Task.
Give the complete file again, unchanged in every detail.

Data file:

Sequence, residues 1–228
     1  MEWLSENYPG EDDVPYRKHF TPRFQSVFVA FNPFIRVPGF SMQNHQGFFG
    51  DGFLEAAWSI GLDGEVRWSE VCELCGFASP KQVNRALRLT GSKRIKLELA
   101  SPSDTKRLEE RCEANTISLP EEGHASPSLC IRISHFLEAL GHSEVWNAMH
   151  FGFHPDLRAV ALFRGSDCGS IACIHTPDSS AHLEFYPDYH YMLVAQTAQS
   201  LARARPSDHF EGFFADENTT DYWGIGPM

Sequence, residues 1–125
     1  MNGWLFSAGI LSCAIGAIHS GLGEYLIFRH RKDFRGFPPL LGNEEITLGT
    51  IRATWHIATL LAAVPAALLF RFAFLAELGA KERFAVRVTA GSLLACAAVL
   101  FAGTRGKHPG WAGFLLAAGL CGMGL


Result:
Sequence, residues 1–228
     1  MEWLSENYPG EDDVPYRKHF TPRFQSVFVA FNPFIRVPGF SMQNHQGFFG
    51  DGFLEAAWSI GLDGEVRWSE VCELCGFASP KQVNRALRLT GSKRIKLELA
   101  SPSDTKRLEE RCEANTISLP EEGHASPSLC IRISHFLEAL GHSEVWNAMH
   151  FGFHPDLRAV ALFRGSDCGS IACIHTPDSS AHLEFYPDYH YMLVAQTAQS
   201  LARARPSDHF EGFFADENTT DYWGIGPM

Sequence, residues 1–125
     1  MNGWLFSAGI LSCAIGAIHS GLGEYLIFRH RKDFRGFPPL LGNEEITLGT
    51  IRATWHIATL LAAVPAALLF RFAFLAELGA KERFAVRVTA GSLLACAAVL
   101  FAGTRGKHPG WAGFLLAAGL CGMGL